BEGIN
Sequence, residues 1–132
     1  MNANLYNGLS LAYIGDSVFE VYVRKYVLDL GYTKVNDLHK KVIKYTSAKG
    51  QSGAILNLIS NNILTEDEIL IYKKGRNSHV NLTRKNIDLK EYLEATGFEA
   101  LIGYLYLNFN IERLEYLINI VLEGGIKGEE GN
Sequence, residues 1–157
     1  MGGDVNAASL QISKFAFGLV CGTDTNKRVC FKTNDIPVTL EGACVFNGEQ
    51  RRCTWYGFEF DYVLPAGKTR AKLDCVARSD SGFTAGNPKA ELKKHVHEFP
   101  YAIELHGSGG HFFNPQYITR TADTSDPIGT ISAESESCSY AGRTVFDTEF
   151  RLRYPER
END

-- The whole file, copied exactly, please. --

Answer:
Sequence, residues 1–132
     1  MNANLYNGLS LAYIGDSVFE VYVRKYVLDL GYTKVNDLHK KVIKYTSAKG
    51  QSGAILNLIS NNILTEDEIL IYKKGRNSHV NLTRKNIDLK EYLEATGFEA
   101  LIGYLYLNFN IERLEYLINI VLEGGIKGEE GN
Sequence, residues 1–157
     1  MGGDVNAASL QISKFAFGLV CGTDTNKRVC FKTNDIPVTL EGACVFNGEQ
    51  RRCTWYGFEF DYVLPAGKTR AKLDCVARSD SGFTAGNPKA ELKKHVHEFP
   101  YAIELHGSGG HFFNPQYITR TADTSDPIGT ISAESESCSY AGRTVFDTEF
   151  RLRYPER